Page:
Security, however, is at its worst since 2001, Afghanistan continues to provide 90 percent of the world’s heroin, the country ranks as second most corrupt and relies more heavily on foreign aid than any other.

It’s in front of such a backdrop that everyday Afghans have been eking out an existence through the nearly 10-year war.

A recent Guardian article illustrates how this drama is playing out in the capital of Kabul:
The 10-year international effort has seen Kabul change from being a moribund city of fewer than 400,000 to a bustling metropolis of 4.5 million flush with cash. The last two years have seen an explosion in conspicuous consumption. There are blocks of luxury apartments under construction, giant video hoardings advertising energy drinks, BMWs and Hummers blasting their way through the traffic with overpowered horns. Miralam Hosseini, 56, sells at least two $140,000 4x4s every week. Across the street from his showroom, an electronics shops stocks the latest 52in flat screen.
To read the rest of this article, visit Forbes.com, where it was originally published.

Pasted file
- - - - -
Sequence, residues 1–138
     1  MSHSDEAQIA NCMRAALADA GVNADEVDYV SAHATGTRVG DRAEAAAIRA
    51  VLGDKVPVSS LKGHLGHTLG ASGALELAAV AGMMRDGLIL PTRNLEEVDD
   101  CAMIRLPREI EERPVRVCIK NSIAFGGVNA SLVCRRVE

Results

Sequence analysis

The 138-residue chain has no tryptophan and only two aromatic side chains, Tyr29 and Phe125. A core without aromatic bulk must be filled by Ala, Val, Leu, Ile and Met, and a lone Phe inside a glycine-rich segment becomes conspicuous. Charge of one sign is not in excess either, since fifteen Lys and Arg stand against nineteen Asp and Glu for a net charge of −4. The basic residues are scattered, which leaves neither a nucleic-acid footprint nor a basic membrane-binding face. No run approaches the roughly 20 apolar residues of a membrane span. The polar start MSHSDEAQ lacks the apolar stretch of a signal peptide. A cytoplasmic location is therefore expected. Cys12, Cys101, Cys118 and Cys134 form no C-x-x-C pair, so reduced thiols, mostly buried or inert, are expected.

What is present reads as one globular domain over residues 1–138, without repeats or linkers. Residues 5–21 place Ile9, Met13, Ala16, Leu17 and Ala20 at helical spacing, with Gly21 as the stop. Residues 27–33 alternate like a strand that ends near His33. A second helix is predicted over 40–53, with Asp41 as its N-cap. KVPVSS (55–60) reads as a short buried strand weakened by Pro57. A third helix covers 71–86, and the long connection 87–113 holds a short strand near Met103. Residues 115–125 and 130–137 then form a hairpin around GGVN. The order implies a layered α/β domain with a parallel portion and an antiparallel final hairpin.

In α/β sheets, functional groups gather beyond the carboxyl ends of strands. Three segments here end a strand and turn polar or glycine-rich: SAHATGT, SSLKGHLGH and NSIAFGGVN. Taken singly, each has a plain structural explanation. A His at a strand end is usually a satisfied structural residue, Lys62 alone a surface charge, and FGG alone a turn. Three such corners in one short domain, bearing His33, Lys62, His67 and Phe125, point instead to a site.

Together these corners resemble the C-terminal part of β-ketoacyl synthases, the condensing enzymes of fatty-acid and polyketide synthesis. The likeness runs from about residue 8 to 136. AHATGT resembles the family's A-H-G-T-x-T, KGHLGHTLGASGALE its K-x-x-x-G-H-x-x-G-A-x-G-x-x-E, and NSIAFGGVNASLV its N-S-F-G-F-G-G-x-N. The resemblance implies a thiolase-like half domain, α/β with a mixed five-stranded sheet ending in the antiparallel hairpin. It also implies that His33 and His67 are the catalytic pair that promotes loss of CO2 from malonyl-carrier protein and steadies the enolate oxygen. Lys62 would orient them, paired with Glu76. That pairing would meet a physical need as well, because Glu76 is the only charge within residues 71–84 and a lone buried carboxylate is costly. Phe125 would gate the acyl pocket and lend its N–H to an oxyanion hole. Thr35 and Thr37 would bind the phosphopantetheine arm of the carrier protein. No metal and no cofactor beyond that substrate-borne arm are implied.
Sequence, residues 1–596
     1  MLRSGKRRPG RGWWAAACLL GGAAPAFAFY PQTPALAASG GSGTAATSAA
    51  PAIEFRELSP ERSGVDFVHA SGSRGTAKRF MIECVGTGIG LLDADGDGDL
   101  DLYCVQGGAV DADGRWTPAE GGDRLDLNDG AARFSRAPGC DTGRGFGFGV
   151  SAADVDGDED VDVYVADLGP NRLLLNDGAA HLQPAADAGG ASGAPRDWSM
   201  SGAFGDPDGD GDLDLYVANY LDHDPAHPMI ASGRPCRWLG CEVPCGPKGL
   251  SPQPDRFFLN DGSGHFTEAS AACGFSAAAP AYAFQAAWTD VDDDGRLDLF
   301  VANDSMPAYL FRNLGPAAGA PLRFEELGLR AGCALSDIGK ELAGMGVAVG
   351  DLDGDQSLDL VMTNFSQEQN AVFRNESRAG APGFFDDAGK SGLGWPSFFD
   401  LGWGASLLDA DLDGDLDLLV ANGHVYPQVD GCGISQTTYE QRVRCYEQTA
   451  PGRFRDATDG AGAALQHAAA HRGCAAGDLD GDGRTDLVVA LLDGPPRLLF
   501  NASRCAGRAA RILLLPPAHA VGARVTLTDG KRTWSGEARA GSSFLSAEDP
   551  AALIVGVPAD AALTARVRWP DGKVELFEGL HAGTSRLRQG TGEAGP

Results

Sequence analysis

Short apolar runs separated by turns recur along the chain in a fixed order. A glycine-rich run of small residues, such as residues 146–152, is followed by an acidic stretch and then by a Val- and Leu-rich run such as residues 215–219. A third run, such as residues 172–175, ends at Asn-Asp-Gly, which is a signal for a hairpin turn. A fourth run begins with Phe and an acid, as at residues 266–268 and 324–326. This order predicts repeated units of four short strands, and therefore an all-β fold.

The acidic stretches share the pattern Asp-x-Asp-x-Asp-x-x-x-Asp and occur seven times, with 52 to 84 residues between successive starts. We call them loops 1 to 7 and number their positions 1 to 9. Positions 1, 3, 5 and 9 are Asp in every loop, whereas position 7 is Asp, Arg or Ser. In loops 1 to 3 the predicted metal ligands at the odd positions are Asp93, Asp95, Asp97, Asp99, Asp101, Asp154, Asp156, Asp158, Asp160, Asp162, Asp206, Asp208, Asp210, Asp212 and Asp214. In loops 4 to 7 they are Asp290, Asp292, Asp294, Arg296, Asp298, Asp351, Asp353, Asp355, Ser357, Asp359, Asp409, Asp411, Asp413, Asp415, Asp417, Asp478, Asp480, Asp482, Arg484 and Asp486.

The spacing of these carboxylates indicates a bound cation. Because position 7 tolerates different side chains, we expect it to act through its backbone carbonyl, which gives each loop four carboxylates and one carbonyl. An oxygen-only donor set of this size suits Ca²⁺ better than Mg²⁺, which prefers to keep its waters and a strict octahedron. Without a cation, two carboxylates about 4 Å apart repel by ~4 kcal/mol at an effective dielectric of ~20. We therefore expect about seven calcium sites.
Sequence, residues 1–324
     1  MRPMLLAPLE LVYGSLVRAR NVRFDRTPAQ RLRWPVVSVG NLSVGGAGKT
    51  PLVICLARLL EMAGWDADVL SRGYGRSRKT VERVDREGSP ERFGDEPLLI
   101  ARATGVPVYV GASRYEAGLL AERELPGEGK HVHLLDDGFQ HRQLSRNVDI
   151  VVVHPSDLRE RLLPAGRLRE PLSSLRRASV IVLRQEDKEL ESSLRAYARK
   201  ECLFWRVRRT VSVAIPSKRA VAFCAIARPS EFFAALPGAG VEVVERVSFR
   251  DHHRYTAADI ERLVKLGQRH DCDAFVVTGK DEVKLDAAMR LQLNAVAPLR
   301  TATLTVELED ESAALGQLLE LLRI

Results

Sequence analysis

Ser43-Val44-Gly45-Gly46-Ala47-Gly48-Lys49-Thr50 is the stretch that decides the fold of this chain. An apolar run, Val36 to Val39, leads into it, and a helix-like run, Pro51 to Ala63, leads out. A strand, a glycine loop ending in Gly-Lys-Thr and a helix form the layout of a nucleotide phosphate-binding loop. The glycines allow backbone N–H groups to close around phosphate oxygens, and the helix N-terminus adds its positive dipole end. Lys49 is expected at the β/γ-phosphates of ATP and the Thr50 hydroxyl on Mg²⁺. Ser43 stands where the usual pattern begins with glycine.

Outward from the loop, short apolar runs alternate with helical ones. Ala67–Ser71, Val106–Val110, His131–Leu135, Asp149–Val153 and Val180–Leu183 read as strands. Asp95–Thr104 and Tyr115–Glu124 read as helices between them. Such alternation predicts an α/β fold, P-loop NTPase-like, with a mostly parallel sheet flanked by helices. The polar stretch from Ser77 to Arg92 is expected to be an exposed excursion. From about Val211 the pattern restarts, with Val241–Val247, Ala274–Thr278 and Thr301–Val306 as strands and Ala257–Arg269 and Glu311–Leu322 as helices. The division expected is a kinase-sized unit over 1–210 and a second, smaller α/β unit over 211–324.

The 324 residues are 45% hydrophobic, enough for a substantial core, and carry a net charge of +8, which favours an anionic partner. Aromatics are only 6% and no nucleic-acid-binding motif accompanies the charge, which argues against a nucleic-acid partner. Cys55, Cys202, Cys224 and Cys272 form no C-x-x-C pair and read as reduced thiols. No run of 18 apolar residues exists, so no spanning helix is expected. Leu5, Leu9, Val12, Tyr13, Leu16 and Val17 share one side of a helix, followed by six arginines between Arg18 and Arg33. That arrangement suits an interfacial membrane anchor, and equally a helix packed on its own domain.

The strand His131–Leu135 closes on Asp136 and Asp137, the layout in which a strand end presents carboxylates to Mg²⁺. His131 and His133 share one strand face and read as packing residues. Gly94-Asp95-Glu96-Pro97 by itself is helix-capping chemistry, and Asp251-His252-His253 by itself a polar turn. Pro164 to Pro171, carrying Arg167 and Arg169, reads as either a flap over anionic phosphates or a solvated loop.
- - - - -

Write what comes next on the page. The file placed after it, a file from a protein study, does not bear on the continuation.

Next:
Smurf Propaganda

A French academic has published "The Little Blue Book" which argues that Smurf society, intentionally or not, preaches the false virtue of a totalitarian utopia grounded in fascism, communism, colonialism, anti-Semitism and, to add a few non-ism, misogyny and autarky.  Whether Papa Smurf is the more cuddly embodiment of Uncle Joe or not, the movie still looks smurfing terrible. 


Saturday, 11 June 2011

Hello Time Bomb

Matthew Good—whose Underdogs and Beautiful Midnight albums served as the soundtrack to the teenage years of suburban Toronto youth who spent the late-90s shoulder-tapping outside The Beer Store and shotgunning beer in dorm bathrooms—oddly enough popped back onto the radar this week in an unexpected way.

Borrowing from The Atlantic Wire:
China is at work on its first aircraft carrier which, Canadian musician and Guardian contributor Matthew Good notes, "has some defence analysts concerned, but they'd be the sort that view any alteration in the current global status quo discomforting." Not only is "a single U.S. carrier strike group, at present, the most powerful military asset in the world," but we have 11 of them. That's "two more active carriers than the rest of the world combined." The power a single one of these holds, Good explains, "could--if fully unleashed--devastate most nations on earth." Still, he acknowledges, the Chinese do have at least one sub "capable of launching nuclear weapons" and suspected to be working on two more. But this artillery hardly holds a candle to the U.S.'s "288 nuclear warheads per boat, each possessing a maximum yield of 475 kilotonnes." Good muses, "What an amazing technological age we live in. We can't feed the world, but by God we can blow it up."